Global warming won’t just melt ice caps; it could create whole new biomes—major ecosystem types like forest, desert, grassland, and tundra—say climatologists led by John Williams at the University of Wisconsin at Madison. Williams and his team used computer models to predict what will happen to the world’s ecosystems as temperatures rise.
When the researchers plugged in a global temperature increase of 1.8 to 4.5 degrees Fahrenheit, a moderate estimate of the world’s expected change over the next 100 years, the models predicted landscapes the likes of which we’ve never seen before. “By the end of the 21st century, large portions of Earth’s surface could experience climates with no current analogue,” says Williams.
Surprisingly, the ecosystems most vulnerable to major biome shifts are the already hot regions around the equator. According to Williams’s model, for example, the Amazon rain forest is toast: By the end of the century, and possibly even by midcentury, tropical rain forests will be taken over by savannas—the next hottest biome—their lush trees replaced by expanses of tall grass. Williams and his team also predict big changes in the Sahara—but because the desert is already the hottest biome on Earth’s surface, there is no existing ecosystem to provide a guess at what an even hotter Sahara might look like. Changes in the cooler latitudes will be only slightly less extreme.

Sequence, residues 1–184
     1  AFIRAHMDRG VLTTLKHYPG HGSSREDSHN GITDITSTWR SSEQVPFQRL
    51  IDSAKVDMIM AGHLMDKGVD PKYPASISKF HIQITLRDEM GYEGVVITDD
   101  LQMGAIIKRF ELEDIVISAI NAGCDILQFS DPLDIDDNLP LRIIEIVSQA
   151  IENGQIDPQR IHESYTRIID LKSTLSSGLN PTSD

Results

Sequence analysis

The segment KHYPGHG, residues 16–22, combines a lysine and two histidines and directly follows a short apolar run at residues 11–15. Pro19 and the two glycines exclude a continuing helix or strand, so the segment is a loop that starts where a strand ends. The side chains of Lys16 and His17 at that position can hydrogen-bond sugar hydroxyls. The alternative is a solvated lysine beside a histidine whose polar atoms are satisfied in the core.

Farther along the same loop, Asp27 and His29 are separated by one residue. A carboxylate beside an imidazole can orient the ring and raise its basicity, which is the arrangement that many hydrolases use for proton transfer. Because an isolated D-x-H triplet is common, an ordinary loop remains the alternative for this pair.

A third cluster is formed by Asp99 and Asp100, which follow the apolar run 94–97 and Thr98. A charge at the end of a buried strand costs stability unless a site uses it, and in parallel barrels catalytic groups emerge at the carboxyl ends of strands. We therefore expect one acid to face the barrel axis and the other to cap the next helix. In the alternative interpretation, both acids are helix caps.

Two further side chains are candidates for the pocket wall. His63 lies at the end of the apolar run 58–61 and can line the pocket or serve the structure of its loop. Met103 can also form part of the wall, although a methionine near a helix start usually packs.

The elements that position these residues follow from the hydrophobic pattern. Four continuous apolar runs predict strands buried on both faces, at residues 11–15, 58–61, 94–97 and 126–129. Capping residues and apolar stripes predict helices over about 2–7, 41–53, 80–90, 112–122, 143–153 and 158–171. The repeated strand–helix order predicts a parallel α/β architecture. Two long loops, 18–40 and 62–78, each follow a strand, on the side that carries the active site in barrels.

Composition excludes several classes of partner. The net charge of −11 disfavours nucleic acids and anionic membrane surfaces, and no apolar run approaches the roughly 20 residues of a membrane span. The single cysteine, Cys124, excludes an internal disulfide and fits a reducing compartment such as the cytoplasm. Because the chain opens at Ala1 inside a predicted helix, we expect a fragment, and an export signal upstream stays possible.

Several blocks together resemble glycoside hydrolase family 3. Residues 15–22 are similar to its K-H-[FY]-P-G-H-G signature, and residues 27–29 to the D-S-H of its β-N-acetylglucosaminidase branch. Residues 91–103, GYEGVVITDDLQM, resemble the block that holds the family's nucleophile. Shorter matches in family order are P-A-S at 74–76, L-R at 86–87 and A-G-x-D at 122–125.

“We know there’s been biome displacement in the past, but those processes typically take hundreds or even thousands of years to play out,” says University of Wyoming ecologist Stephen Jackson, a colleague of Williams. Predicting exactly how plant and animal communities will change is close to impossible because of all the variables involved.
“We’re going to see this process where the existing biome undergoes some sort of collapse. That collapse may be relatively gradual, or it could be instantaneous. It could be a fire that lasts a couple of days and wipes out whole areas,” says Jackson. “The uncertainties are really the scariest part.”